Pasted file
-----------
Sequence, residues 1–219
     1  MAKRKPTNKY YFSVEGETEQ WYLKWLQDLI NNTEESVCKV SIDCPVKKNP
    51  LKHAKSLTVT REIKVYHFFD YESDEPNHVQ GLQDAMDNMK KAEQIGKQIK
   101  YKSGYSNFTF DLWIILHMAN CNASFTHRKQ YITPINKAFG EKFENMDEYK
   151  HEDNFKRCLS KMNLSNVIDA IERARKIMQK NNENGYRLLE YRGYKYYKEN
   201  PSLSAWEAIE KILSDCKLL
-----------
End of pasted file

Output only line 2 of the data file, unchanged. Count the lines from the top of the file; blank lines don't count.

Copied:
     1  MAKRKPTNKY YFSVEGETEQ WYLKWLQDLI NNTEESVCKV SIDCPVKKNP